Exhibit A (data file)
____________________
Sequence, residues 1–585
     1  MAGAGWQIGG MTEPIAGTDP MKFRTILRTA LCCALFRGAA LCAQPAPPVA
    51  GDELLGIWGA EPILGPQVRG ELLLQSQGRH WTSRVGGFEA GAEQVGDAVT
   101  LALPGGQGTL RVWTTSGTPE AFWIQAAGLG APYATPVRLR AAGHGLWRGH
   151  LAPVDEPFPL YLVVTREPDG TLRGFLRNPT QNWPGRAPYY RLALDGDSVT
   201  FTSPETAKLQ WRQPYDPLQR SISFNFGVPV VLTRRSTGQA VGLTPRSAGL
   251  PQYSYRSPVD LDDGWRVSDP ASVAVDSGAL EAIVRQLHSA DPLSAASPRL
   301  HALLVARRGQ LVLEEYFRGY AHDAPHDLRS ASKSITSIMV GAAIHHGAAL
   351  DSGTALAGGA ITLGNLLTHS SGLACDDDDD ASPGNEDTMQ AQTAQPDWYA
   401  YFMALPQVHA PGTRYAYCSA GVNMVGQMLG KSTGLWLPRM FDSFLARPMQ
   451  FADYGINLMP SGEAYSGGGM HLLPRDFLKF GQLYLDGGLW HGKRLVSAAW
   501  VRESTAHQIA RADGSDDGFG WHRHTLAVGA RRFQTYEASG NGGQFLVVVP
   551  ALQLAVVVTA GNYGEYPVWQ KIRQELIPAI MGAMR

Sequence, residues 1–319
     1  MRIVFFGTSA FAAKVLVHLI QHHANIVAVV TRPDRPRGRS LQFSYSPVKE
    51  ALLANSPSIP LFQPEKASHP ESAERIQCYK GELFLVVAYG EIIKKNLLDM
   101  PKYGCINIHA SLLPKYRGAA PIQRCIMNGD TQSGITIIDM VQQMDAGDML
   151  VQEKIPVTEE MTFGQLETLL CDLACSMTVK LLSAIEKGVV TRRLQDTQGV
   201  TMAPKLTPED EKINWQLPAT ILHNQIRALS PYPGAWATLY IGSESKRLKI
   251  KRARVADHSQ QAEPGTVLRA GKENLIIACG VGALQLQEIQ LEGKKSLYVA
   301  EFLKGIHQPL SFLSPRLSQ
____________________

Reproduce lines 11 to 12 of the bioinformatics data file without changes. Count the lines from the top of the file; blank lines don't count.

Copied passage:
   451  FADYGINLMP SGEAYSGGGM HLLPRDFLKF GQLYLDGGLW HGKRLVSAAW
   501  VRESTAHQIA RADGSDDGFG WHRHTLAVGA RRFQTYEASG NGGQFLVVVP